Residents of Tokyo, Japan have got some relief as the Ministry of Economy, Trade and Industry on May 16, 2014 said that it will not set the power saving targets during the summer. After the March 11, 2014 disaster, the government has set numerical power-saving targets in the summers of 2011 and 2012 but could not do it in 2013.
All of the Japan’s nuclear reactors have remained offline and the government is still concerned that there might be a power shortage in the country. The Ministry said that the power supplies will be tight but it does not expect blackouts. The companies are being encouraged by the Ministry to shift the working hours during this summer.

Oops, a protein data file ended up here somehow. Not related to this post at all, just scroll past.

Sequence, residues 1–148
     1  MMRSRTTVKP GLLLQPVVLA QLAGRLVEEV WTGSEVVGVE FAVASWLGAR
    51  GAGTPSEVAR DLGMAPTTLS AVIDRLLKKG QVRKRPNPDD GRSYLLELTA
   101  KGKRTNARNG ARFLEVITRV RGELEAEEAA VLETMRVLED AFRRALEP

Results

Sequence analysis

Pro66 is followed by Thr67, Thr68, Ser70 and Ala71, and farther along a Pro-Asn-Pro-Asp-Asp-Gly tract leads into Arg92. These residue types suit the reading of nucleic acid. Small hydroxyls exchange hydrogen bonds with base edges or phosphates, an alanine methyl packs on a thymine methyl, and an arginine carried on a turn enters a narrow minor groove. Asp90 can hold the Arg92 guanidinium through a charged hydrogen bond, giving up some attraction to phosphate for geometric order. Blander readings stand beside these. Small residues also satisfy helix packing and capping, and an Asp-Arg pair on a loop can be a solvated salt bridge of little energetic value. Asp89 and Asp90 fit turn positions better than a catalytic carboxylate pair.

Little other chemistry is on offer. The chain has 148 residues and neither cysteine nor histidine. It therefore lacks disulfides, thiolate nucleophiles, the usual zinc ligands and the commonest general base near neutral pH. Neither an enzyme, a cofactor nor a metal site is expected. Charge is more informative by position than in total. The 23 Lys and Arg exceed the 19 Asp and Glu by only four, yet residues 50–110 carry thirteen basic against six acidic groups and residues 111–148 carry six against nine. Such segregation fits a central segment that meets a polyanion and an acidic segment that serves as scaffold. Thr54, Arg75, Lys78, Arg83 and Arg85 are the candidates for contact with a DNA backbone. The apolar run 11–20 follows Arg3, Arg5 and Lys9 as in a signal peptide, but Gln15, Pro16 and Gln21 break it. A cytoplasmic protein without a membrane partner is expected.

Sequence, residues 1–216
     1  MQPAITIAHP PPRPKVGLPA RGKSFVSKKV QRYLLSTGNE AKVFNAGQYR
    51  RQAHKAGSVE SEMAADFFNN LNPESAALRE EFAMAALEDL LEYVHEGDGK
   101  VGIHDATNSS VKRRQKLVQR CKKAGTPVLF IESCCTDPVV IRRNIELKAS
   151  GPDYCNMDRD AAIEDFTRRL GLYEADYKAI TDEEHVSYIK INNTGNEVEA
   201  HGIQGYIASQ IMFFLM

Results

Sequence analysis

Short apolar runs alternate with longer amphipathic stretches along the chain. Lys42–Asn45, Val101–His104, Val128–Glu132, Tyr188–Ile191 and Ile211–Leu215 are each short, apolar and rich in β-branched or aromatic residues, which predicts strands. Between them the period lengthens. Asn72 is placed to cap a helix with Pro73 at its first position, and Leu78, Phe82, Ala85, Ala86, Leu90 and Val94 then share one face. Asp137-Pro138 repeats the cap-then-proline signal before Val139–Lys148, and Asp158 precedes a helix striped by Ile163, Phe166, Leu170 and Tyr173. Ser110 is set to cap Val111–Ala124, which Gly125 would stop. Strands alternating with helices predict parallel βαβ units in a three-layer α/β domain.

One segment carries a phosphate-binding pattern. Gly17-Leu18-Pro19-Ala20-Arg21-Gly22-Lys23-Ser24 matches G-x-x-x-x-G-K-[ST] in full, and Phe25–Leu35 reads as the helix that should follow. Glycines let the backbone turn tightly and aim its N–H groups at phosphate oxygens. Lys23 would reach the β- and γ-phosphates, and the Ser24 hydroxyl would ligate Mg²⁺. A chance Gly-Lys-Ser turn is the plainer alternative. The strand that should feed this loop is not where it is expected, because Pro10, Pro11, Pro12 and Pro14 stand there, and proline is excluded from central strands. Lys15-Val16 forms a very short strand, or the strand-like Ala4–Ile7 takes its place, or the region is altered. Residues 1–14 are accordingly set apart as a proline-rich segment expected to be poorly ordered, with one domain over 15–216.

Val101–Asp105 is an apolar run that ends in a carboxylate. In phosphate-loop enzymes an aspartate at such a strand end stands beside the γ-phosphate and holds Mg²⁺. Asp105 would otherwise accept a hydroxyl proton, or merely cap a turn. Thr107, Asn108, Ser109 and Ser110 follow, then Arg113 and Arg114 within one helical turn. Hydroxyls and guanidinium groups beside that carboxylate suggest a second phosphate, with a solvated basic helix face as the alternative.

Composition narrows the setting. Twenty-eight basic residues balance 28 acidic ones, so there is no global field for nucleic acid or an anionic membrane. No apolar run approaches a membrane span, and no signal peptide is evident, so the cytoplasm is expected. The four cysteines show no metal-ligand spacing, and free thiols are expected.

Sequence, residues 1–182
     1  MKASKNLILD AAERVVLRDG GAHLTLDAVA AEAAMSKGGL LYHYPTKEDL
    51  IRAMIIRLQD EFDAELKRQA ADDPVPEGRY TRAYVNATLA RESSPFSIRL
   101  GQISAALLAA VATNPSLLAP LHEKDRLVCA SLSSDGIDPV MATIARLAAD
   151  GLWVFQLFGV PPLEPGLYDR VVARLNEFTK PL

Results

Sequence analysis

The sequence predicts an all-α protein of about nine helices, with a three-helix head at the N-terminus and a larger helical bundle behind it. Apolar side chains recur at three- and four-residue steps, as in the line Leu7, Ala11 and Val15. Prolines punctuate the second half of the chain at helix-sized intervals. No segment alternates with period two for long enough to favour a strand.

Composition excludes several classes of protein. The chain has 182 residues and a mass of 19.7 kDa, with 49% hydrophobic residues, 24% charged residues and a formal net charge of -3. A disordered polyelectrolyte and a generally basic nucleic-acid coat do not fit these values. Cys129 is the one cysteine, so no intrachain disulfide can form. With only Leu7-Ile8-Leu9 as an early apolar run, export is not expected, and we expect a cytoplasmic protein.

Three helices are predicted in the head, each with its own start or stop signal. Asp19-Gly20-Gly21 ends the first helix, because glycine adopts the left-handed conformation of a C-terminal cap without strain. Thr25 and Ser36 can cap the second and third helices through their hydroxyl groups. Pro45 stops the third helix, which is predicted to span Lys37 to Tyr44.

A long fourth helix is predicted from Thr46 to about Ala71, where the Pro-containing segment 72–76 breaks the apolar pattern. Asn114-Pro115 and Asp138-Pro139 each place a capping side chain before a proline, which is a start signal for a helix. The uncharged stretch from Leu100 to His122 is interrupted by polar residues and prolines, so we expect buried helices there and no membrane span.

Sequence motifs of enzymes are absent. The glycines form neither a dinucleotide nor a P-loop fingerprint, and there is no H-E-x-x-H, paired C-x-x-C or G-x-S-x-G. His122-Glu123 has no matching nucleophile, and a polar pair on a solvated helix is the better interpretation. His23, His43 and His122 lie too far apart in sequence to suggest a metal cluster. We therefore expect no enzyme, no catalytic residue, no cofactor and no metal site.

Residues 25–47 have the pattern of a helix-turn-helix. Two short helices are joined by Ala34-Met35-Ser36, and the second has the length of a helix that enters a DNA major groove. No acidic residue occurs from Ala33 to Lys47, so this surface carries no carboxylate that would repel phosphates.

Some of the employees will be working nights and holidays so as to cope with the peak hour rush. After the rush hour, the stations will switch off some of the escalators and station lights. In western Japan the power supply is expected to be the tightest as this is where the utilities relied on the nuclear energy.
Blackouts will be avoided as the companies will swap among themselves to maintain the power supply. Kyushu Electric in a statement said that the power supply is likely to be the tightest in western Japan where the utilities relied on nuclear energy.
Photo Credits: Asian Power